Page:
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Pitchers and Ground Ball Quality

September 24, 2010

4 posts in 2 days. Look at PAH9 go. The following post is indirectly related to my Brendan Ryan post. You also should check out Andy’s pet peeve and my top 7 Cardinal prospects.

One of the common criticisms (especially among Cardinal fans) of DIPS pitching stats is that all batted balls are not created equal. Specifically, all GBs are not equal, all FBs are not equal etc. With that thought in mind I wanted to compare a couple of Cardinal pitchers to see if there was a discernable difference in their GBs. To level the playing field I only looked at RHB when Brendan Ryan was playing. I looked at Out+Error rate, making the assumption that the pitcher had no control over the error part. The following table summarizes the results across all hit angles (GBs only)

Out+Error Rate BIP
Carpenter 0.820 311
Wainwright 0.799 328
Lohse 0.731 186

And then across the SS area of responsibility (since that was who we held constant)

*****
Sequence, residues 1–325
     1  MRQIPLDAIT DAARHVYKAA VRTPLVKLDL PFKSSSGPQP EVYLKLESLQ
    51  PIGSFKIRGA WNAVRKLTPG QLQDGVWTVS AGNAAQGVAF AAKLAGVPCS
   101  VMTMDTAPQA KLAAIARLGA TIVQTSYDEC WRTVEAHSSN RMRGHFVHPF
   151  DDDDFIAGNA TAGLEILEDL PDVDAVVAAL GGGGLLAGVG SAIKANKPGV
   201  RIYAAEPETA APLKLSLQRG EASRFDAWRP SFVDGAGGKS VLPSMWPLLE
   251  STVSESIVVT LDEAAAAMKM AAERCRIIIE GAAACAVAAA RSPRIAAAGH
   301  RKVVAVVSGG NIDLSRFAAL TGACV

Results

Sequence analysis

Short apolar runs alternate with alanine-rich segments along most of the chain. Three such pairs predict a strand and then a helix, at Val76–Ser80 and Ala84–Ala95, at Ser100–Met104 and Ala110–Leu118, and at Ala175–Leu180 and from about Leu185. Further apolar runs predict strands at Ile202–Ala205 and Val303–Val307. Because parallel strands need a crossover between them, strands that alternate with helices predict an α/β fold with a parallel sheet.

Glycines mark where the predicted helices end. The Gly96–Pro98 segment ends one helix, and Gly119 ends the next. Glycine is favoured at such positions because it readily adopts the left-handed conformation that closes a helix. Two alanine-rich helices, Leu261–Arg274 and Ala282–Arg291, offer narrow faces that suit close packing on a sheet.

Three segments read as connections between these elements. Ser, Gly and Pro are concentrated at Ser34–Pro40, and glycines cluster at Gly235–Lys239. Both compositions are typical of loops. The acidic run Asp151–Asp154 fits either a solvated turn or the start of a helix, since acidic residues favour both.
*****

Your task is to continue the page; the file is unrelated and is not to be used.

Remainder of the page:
Out+Error Rate BIP
Carpenter 0.870 154
Wainwright 0.887 151
Lohse 0.818 88

And in chart form

So what can we attribute the differences to?

Ground ball quality – I would guess that harder hit ground balls would be more likely to make it up the middle (-7.5 in the chart) and through the hole (-27.5). The anecdotal evidence in the data above seems to agree. I’d guess that Lohse gives up the hardest hit balls of the 3.

Defense – Yes Brendan Ryan was in the field, but that isn’t to say that he played identically (both in reaction time and positioning) behind all 3 of these guys. As samples increase this effect would likely decrease.

Park effects – Infield speed isn’t constant across all parks (can adjust for these, but haven’t)

Stringer/Scorer Bias – Are these all groundballs? What is the difference between GBs and LDs? Is the hit location recorded accurately? Is there Hit/Error bias?

Luck – Bad hops, deflections etc.

The real question is what weight you put on each of those factors. I’m not sure we’ll get at the answer to that until we get Field F/X data (if we get field f/x data). For now I’d hesitate to weight the first one (which is what would be ideal to measure) as any more than 50% of the difference. There’s just too much other stuff that could be at play.

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